City of God

Front Cover
Penguin Books Limited, Nov 27, 2003 - History - 1097 pages
125 Reviews
St Augustine, bishop of Hippo, was one of the central figures in the history of Christianity, and City of God is one of his greatest theological works. Written as an eloquent defence of the faith at a time when the Roman Empire was on the brink of collapse, it examines the ancient pagan religions of Rome, the arguments of the Greek philosophers and the revelations of the Bible. Pointing the way forward to a citizenship that transcends the best political experiences of the world and offers citizenship that will last for eternity, City of God is one of the most influential documents in the development of Christianity.

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Great writing and great arguments. - Goodreads
Not a good first timers introduction to Augustine. - Goodreads
Hard to read, but good. - Goodreads

Review: City of God

User Review  - David - Goodreads

I have now read almost 30% of this 1000 page book. It is not an easy read, and is quite different from anything I've read before. I am grateful to the folk who established a Facebook group for reading ... Read full review

Review: City of God

User Review  - John Cairns - Goodreads

It became a religious fantasy at the end. People didn't believe this at the time. I hadn't actually realised Xians believe Christ ascended to heaven in a recomposed body. How do people believe this ... Read full review

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The City of God by Saint Augustine
Read classic literature including The City of God by Saint Augustine at Saint_Augustine/ The_City_of_God/

The City of God Against The Pagans
He describes two cities: the earthly city and the city of god. The earthly city contains the damned, whom God has not chosen to save. ... lu/ senses/ city-of-god.html

librivox » The City of God, by St. Augustine of Hippo
It was this which kindled my zeal for the house of God, and prompted me to undertake the defense of the city of God against the charges and ... the-city-of-god-by-st-augustine-of-hippo/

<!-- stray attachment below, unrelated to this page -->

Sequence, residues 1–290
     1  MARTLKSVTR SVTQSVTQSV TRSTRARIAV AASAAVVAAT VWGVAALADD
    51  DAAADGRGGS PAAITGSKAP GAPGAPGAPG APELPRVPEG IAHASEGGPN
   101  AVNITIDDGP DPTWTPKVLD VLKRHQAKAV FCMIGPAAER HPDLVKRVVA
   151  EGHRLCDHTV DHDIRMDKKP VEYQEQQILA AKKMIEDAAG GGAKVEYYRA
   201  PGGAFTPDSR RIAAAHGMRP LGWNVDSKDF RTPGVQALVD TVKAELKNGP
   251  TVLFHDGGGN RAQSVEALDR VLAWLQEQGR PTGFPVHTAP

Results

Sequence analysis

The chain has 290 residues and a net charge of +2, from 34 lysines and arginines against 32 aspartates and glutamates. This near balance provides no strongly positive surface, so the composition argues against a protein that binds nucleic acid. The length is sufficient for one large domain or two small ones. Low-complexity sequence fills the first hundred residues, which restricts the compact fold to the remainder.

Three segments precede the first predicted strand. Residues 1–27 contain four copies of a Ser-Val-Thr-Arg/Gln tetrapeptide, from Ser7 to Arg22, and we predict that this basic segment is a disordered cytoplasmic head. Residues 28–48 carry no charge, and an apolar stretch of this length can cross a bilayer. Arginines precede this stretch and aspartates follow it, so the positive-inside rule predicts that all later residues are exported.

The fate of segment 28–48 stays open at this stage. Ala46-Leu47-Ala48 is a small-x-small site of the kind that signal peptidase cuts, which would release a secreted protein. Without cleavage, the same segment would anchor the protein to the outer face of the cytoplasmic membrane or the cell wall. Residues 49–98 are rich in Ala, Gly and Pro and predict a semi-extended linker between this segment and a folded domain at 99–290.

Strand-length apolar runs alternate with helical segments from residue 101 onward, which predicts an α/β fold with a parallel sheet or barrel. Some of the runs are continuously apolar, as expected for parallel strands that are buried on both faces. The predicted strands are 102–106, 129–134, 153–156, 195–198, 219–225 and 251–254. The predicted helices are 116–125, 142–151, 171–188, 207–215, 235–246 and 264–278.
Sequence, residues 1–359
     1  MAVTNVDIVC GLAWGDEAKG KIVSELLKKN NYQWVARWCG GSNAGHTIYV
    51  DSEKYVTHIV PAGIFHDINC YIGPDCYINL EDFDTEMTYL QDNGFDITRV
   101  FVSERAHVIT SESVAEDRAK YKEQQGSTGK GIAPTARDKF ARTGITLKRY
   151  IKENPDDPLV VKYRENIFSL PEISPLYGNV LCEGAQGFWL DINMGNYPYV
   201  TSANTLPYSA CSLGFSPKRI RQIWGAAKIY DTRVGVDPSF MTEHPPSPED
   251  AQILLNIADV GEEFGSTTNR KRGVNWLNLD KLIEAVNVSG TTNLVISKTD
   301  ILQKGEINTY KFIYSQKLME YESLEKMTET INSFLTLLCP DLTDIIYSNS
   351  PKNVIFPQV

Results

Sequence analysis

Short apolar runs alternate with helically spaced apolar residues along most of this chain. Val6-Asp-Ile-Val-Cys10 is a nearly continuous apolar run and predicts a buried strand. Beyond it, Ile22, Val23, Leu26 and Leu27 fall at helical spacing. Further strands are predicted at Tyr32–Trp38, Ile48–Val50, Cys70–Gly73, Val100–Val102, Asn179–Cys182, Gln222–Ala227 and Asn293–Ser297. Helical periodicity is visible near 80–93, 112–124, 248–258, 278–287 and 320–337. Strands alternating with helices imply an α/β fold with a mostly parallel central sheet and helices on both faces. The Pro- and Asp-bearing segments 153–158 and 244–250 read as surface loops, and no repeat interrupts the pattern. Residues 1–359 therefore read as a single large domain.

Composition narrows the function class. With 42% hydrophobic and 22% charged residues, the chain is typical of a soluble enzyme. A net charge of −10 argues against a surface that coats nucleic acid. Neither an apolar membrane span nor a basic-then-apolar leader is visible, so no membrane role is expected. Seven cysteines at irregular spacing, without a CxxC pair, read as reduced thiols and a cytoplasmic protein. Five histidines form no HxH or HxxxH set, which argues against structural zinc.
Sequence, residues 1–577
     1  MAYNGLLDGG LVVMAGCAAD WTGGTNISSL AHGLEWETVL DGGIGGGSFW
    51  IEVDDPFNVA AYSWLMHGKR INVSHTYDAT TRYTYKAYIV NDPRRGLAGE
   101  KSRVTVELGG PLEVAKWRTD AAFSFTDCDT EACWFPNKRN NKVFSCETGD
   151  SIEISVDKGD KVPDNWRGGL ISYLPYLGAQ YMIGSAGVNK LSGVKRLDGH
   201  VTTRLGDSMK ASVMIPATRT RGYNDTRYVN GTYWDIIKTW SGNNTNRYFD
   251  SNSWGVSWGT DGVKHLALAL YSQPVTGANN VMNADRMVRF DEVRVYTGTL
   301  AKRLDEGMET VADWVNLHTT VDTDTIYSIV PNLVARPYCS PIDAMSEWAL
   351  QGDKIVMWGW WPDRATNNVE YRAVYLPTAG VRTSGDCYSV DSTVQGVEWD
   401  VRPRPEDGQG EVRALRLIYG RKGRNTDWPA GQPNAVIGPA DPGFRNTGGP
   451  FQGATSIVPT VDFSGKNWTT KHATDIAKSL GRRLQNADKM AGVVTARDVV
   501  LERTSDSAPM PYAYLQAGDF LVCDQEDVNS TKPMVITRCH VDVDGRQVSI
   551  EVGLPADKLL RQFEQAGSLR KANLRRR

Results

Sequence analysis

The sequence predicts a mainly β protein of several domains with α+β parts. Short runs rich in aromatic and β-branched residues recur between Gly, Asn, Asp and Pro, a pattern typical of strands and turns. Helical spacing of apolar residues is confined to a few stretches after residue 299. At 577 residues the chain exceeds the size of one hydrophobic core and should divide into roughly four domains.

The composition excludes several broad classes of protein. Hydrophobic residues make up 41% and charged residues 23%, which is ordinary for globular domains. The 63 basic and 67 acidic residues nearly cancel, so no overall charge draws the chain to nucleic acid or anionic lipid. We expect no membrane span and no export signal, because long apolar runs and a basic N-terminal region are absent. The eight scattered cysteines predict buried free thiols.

Medieval Sourcebook: Augustine of Hippo: The City of God, excerpts
He began writing The City of God in 410, after Alaric and the Vandals had sacked Rome. Many pagans blamed the conversion of the empire to Christianity for ... halsall/ source/ aug-city2.html

Augustine On the Nature of History in The City of God « Loretta’s ...
Augustine On the Nature of History in The City of God. October 19, 2007 by adamsteward. This promises to be my most boring post yet. ... 2007/ 10/ 19/ augustine-on-the-nature-of-history-in-the-city-of-god/

The City of God - Wikipedia, the free encyclopedia
The City of God (Latin: De Civitate Dei, also known as De Civitate Dei contra Paganos, "The City of God against the Pagans") is a book written in Latin by ... wiki/ The_City_of_God

Westminster Wisdom: The City of God: St Augustine, Hobbes and ...
The City of God is one of the most interesting films recently released- not merely for its searing portrayel of the Brazilian slums- but also for its ... 2006/ 11/ city-of-god-st-augustine-hobbes-and_24.html

sparknotes: Saint Augustine: The City of God
The first ten books of The City of God, which make up the first part of the work, refute the pagans’ charges that Christians brought about the fall of Rome. ... philosophy/ augustine/ section2.rhtml

CHURCH FATHERS: City of God (St. Augustine)

nationmaster - Encyclopedia: The City of God
The City of God (Latin: De Civitate Dei, also known as De Civitate Dei contra Paganos: The City of God against the Pagans) is a book written in Latin by ... encyclopedia/ The-City-of-God

About the author (2003)

St Augustine of Hippo was the great Doctor of the Latin Church. Born in North Africa in AD 354, he was brought up as a Christian and at 16 went to Carthage to finish his education. Until 387, Augustine followed the Manichean religion and founded his own school of rhetoric in Rome. After his baptism, he returned to Africa and lived in the community he formed there until his death in 430. His written output there includes Confessions and City of God, among over 113 books. Henry Bettenson (1908-1979) (translator) was educated at Bristol University and Oriel College, Oxford. He taught Classics for 25 years at Charterhouse 'Documents of the Christian Church' and 'Early Christian Fathers'. Dr Gill Evans (introducer) teaches medieval intellectual history, medieval theology and ecumenical theology in the Faculty of History at Cambridge. She has published widely in this area.

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